Going into this film I found myself somewhat unaware of what to expect. While I have seen the occasional Hitchcock film, I am by no means an expert on his catalog of film and TV episodes. What I did end up seeing was quite the pleasant surprise.
This is a movie which takes a slice out of Hitchcock’s (Anthony Hopkins) life during the time he was making the movie Psycho. Now instead of us getting a docudrama on the making of the movie, we are instead given a glimpse into the mind of the man behind the camera. Along the way we meet his wife, Alma Reville (Helen Mirren), his steadfast assistant Peggy (Toni Collette), his agent (who would later become the president of Universal Studios) Lew Wasserman (Michael Stuhlbarg), the actress Janet Leigh (played brilliantly by Scarlett Johansson), Anthony Perkins (played to perfection by James D’Arcy), as well as Ed Gein (Michael Wincott) who was the inspiration for the character of Norman Bates from Hitchcock’s most famous film.
Hopkins is covered in an enormous amount of prosthetic makeup to try to approximate the appearance of the director, but if there is a flaw in this movie, it is in that the makeup doesn’t quite do the job. Having known what Hitchcock looks like I found myself at times (but not all of the time) distracted by what I was seeing on the screen. However, what was lacking in the makeup was more than made up for in the acting performance by Hopkins himself. He was able to get the rhythm and almost “sing-song” manner in which Hitchcock always spoke with. He was always known for having a certain way of phrasing sentences, and Hopkins managed to deliver it in a most convincing manner. It was mostly done through the acting as Hopkins’ voice is most unique and can be quite recognizable. During one part of the film I thought for a second that I wasn’t listening to Hitchcock, rather I was hearing the voice of Odin after having an all night binge eating of one of the many Asgaardian feasts that the Norse Gods must enjoy.
Perhaps it was only because I saw Hopkins in that role just one day earlier, but again it was only for a moment as he was able to deliver what he is best known for, and that is acting. He gives us a portrayal of a man who clearly has demons of his own, from an unhealthy way of ogling over women (usually blondes), as well as an insecurity which would forever haunt him and manifest itself with egotistical rudeness, all the way to having discussions with a rather unique therapist. It is in all these ways that we begin to get a sense of the man who was the creative genius behind so many movies, and probably gave us the first modern horror film.
Helen Mirren gives what she is only capable of giving, and that is a flawless performance of the woman who was not only Hitchcock’s wife, but also his rock. She’s the anchor which helps keep him grounded, even when overshadowed by his fame. Mirren shows us what it is like to be in such a position, what it can do to a person, as well as a marriage, and even illuminates us as to how much of a role she truly played when working with Hitchcock. She is graceful, and yet strong, all the while played with vulnerability which can only be accomplished by an actress of her caliber.
The two characters who sadly don’t get the screen time I would have liked are Scarlett Johansson as Janet Leigh, and James D’Arcy as Anthony Perkins. While Hitchcock was an iconic figure in terms of movie making, Leigh and Perkins were established actors in their own right with their own individual careers. Through Psycho we have come to know their acting and all of the nuances they each brought to their roles, so in some respect it is even more difficult to emulate such memorable characters, yet Johansson and D’Arcy do just that. Johansson looks wonderful as Janet Leigh, and the scenes she plays during the Psycho filming were truly haunting. It was almost as if I was watching the horror film myself. She captures the expressions, even the lift in Leigh’s voice.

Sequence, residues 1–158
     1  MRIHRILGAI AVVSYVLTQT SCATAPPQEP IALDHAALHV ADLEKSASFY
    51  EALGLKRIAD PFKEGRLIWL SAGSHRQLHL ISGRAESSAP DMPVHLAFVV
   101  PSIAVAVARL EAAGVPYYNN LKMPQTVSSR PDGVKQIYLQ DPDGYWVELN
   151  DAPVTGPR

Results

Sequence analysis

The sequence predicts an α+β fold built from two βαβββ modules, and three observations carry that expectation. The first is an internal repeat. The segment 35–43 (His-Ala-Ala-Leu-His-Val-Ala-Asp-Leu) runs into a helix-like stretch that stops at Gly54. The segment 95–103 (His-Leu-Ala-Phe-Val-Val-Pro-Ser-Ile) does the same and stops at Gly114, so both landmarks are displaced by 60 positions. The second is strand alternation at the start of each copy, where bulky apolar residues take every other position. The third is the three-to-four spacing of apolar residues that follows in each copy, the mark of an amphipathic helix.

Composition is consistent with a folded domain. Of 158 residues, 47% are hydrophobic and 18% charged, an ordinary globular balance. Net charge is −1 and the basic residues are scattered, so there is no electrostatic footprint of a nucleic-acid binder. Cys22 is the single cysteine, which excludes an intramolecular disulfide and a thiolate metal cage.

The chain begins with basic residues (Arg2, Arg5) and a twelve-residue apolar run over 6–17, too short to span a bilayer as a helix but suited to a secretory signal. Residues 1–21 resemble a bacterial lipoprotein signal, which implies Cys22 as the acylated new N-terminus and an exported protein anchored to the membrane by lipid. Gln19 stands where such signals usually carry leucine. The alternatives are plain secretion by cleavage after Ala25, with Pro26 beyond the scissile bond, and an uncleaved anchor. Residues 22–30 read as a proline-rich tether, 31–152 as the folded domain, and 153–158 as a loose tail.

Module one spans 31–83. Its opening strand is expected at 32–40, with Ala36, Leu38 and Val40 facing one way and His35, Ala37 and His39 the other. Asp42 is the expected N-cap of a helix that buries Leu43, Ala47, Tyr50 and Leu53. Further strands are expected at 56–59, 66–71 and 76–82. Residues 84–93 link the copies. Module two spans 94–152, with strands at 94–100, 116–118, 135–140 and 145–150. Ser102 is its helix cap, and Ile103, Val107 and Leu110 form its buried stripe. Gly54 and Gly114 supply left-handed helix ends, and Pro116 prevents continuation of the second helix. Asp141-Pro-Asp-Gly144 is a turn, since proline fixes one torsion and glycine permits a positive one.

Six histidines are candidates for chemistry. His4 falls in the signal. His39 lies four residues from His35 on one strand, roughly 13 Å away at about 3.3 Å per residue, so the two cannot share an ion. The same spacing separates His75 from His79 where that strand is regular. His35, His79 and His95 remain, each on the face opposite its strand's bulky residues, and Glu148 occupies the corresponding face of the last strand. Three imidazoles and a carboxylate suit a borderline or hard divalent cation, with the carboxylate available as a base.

As for D’Arcy, he nailed the nervousness that was Perkins, as an actor who had many similar qualities to the role that would forever dominate his career, as well as an actor who was desperate to hide what was back then a terrible secret. Not only was he able to move and speak with the same jittery nature that Perkins had, but the makeup on him was so convincing that when he first appears on the screen I thought they had cloned Perkins himself. It is my greatest wish that these two actors receive Oscar nominations for their amazing performances.
Hitchcock is a movie with many layers. It is sprinkled with plenty of humor, and yet it has scenes which feel like they could have been taken out of a Hitchcock movie itself. The director, Sacha Gervasi, may very well have been a student of Hitchcock when preparing to film this movie. Quiet scenes are filmed with a subtlety which is always associated with some of Hitchcock’s masterpieces, focusing the viewer’s attention on an object or a person, and then almost showing it as if we were seeing things through Hitchcock’s eyes. He was able to raise the tension in scenes, and then break that tension with a joke or sight gag which would leave the audience laughing. Keep your eyes on the sight gags. There are enough of them to keep you entertained and only enhance the enjoyment of the film.
What is most endearing is that this is a love story. In the end, it is about Alfred Hitchcock and Alma Reville, how through their struggles they manage to continue to trust and love one another in a way which can only help me to appreciate the great legacy of work that has been left to us. That is what this movie is. It is a love story, not just for the marriage and working relationship of what has turned out to be a filmmaking power couple in Alfred and Alma, but a love story to a specific style of filmmaking which can only be described in one word: Hitchcock!